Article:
A Virginia man convicted of attempted aggravated murder will be released from prison following a state Supreme Court ruling on Thursday. The court found that the man had been wrongly denied earned sentence credits.

The ACLU of Virginia filed a lawsuit against the Department of Corrections demanding the immediate release of Steven Prease. They argued that the department had misinterpreted a law that expanded the state’s earned sentence credit program.

Since 1995, the earned sentence credit program has allowed many inmates to earn early release for good behavior. In 2020, state lawmakers amended the law to increase the number of credits inmates could earn.

Prease, a military veteran suffering from post-traumatic stress disorder according to the ACLU, was convicted in 2013 of two counts of attempted aggravated murder and other charges for firing a gun at sheriff’s deputies during a domestic dispute. In March 2022, prison officials informed Prease that he would be released between July 1 and August 30, 2022, based on the retroactive application of expanded credits under the law.

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However, one month later, newly elected Attorney General Jason Miyares disagreed with a legal interpretation by former Attorney General Mark Herring. Miyares determined that attempted aggravated murder and conspiracy to commit aggravated murder were not eligible for expanded credits.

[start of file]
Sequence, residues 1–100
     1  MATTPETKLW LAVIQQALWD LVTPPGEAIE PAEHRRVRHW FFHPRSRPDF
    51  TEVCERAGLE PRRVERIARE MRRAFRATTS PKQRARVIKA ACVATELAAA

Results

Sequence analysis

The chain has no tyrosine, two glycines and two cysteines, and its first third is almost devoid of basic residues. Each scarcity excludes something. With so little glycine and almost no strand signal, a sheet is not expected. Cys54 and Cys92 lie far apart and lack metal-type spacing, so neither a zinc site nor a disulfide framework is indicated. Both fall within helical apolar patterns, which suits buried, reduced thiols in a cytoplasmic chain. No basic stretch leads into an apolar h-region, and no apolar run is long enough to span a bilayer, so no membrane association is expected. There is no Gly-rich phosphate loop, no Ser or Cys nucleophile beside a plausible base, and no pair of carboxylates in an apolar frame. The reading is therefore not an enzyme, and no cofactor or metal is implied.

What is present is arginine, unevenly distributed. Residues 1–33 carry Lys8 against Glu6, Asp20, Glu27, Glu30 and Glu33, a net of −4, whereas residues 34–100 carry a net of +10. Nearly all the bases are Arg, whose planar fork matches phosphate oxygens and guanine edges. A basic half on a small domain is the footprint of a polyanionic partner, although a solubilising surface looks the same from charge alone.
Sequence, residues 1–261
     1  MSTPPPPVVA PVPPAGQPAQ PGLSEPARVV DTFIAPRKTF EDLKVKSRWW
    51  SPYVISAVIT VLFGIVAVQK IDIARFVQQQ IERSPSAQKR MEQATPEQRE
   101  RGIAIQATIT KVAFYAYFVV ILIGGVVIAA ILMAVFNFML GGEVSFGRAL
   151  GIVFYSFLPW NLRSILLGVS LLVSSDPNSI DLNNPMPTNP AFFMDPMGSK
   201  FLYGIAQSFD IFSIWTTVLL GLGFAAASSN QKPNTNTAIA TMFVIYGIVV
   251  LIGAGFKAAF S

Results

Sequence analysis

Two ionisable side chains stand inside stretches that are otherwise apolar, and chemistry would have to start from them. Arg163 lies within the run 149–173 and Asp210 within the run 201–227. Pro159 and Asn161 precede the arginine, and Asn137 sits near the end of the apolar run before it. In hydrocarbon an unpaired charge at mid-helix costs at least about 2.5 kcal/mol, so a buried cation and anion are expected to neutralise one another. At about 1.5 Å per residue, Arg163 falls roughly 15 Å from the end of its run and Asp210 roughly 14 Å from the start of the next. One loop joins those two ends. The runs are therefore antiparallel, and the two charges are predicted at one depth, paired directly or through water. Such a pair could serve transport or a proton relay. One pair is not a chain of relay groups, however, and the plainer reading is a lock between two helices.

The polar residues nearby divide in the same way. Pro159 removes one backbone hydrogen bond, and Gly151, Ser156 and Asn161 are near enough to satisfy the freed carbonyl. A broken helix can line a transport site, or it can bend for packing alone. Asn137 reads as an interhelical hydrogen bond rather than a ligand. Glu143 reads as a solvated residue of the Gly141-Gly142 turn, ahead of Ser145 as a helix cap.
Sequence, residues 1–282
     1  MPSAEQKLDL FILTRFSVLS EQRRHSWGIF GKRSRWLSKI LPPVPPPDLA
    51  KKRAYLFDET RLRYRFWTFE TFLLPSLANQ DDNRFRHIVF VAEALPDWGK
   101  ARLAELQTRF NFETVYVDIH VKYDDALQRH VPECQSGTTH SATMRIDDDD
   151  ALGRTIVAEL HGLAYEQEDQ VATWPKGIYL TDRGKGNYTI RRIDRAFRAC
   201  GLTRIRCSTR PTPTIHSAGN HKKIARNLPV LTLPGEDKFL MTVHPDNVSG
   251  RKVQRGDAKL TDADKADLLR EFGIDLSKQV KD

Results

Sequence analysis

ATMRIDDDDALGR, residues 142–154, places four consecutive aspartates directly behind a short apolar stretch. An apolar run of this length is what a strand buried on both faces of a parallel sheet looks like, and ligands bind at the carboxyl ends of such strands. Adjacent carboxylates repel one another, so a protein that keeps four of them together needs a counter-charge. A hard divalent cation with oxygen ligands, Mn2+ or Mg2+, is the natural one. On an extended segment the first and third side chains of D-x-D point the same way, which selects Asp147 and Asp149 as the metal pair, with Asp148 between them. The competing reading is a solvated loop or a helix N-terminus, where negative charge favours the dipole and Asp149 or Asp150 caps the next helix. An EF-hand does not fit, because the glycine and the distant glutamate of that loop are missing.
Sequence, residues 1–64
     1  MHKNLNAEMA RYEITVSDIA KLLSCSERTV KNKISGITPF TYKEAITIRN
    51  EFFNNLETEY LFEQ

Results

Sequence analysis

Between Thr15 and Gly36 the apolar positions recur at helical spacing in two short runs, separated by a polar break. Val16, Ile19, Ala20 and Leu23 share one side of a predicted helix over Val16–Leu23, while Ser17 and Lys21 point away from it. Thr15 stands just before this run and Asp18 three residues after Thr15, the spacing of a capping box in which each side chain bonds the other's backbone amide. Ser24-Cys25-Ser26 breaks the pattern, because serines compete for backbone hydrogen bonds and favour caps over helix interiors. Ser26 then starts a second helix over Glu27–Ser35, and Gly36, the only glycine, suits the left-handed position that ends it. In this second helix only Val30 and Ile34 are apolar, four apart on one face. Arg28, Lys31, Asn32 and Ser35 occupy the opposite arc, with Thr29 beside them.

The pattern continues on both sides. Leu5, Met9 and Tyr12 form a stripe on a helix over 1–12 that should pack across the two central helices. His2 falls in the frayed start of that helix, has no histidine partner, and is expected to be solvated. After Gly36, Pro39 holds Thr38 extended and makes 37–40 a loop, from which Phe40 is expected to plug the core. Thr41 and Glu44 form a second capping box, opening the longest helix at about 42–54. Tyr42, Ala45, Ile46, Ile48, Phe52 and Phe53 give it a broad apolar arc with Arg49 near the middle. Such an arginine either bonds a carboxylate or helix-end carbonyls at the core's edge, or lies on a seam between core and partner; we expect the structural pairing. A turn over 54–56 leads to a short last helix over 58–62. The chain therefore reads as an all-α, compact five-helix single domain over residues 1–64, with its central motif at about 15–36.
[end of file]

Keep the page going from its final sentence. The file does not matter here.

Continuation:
As a result, the Department of Corrections extended Prease’s release date by approximately two years, to June 4, 2024.

Virginia Supreme Court

Virginia’s Supreme Court building is pictured on Jan. 15, 2021, in Richmond. The state’s Supreme Court has ordered the release of Steven Prease, a man who was convicted of aggravated murder, after it was found that he was wrongfully denied earned sentence credits.
(Photo by Eze Amos/Getty Images)

In its ruling on Thursday, the state Supreme Court affirmed that the law clearly specifies which offenses are ineligible for additional earned sentence credits. Attempted aggravated murder is not included in the list of ineligible offenses.

“Thus, there is no basis in the governing statutes for denying Prease expanded earned sentence credits on his attempted aggravated murder convictions,” the court stated in its ruling.

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The Department of Corrections has not yet responded to requests for comment on the ruling.

Vishal Agraharkar, Senior Supervising Attorney at the ACLU of Virginia, expects Prease to be released from prison soon following the court’s ruling. Agraharkar is uncertain about the number of other inmates who could be released early due to this decision. However, he estimates that hundreds, if not thousands, were initially informed by prison officials of their early release eligibility but were later disqualified due to an incorrect interpretation of the law, a position now rejected by the Supreme Court.

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“We hope that the Department of Corrections will do the right thing and ensure that the benefits of the earned sentence credits law are applied to everyone eligible under the statute,” Agraharkar commented.

Following a budget amendment from Republican Governor Glenn Youngkin, which excluded inmates with violent offenses, thousands of other inmates were deemed ineligible for expanded credits.


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